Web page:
Steve Wood: Flying for a Record Purpose

By Scott Spangler on June 1st, 2010

Pilots earn their certificates for many reasons, but it’s been my experience that they only keep flying after the checkride if they have a goal, a purpose for being airborne more satisfying and fulfilling than the empty aeronautical nourishment of the hundred dollar burger.

Wood-Goofy For some it’s exploring the backcountry. For others it is aerobatics. And for Steve Wood, it is setting FAI world speed records over a recognized course in this homebuilt Glasair Aviation GlaStar, affectionately known as Goofy, for its N-number N600FY. I’ve mentioned Steve before, in Looking Up to Sustain a Future in Aviation, and noted that he’d set 90 world speed records.

Just before the three-day weekend I got an e-mail from Steve. He mentioned that he’d just run across the March 9 post, and “I thought you might like to know that on 16 April—yes, I took a day off from Sun ‘n Fun—I provisionally set a further 11 FAI World Records bringing my total to 101 records.”

In his usual manner, he planned the out and back flight to Nassau, Bahamas, with precision and attending to the multitude of details required for any record attempt. The success of any record attempt is determined by the planning, he says. To ensure the accuracy of the overhead times at each of the cities to and from the international destination (Nassau), he flies IFR and talks to each tower before the flight.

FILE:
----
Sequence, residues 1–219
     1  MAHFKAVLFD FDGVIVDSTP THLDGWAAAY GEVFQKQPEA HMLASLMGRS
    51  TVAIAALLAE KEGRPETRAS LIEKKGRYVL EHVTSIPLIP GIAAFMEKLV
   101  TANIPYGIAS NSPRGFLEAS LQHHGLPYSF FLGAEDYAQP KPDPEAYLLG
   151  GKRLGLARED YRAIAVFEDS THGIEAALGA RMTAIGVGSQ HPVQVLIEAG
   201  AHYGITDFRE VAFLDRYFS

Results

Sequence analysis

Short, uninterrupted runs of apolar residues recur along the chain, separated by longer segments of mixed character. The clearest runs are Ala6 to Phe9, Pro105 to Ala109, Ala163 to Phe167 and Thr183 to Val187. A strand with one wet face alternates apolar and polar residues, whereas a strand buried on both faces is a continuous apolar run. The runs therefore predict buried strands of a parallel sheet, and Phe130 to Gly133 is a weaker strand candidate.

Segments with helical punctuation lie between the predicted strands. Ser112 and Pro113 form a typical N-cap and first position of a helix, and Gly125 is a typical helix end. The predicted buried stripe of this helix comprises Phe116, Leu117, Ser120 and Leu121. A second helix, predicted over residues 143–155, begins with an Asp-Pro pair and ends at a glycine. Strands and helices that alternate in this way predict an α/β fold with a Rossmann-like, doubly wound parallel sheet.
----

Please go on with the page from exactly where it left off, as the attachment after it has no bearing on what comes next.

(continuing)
Wood-route Five of Steve’s April 16 city pairs were Daytona, Orlando, Titusville, Vero Beach, and Fort Pierce to Nassau, a total one-way distance of roughly 350 nautical miles. On his way home to Spruce Creek, a fly-in community outside of Daytona Beach, he set another five world records from Nassau to the cities he passed over on the way down. Number 11 was a round-trip record between Daytona and Nassau. His top speed was 240.47 km/h (149.43 mph) between Nassau and Titusville. 

“Why did I do this? Well, it’s OK having the most records of any British pilot and the most records set in a US registered homebuilt, etc., etc. But I thought I would be the very first to break the 100 world record barrier. Others may set more records than me in years to come, but now at least I will have been the first to break the 100 record barrier—a bit like breaking the sound barrier for the first time!”

And in the process, he brings attention to the causes for which he flies, Flying Scholarships for the Disabled, Able Flight, and EAA Young Eagles. Most who learn of Steve’s accomplishments are, like me, impressed, thankful…and jealous. Others feel threatened for some insecure reason, and they have whispered to me that Steve sets records for personal glory. My only response is a single-word question: So? And if the whispers get a bit uppity and self-important, I pose another question: What keeps you flying regularly and, more importantly, what have you contributed to the world of flight?” – Scott Spangler

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